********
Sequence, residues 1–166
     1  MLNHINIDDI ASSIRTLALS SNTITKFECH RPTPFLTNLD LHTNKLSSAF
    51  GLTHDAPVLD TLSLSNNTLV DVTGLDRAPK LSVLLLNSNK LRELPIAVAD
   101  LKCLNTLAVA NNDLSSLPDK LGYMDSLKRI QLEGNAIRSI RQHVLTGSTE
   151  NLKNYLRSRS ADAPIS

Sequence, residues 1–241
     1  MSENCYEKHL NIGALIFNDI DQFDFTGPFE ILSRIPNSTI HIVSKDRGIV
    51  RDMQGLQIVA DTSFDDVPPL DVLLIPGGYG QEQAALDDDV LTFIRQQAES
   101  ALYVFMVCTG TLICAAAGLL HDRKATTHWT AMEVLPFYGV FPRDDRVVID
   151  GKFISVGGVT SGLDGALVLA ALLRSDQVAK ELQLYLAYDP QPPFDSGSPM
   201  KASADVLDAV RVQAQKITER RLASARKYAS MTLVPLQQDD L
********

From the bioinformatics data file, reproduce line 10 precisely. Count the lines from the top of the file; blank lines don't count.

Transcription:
   151  GKFISVGGVT SGLDGALVLA ALLRSDQVAK ELQLYLAYDP QPPFDSGSPM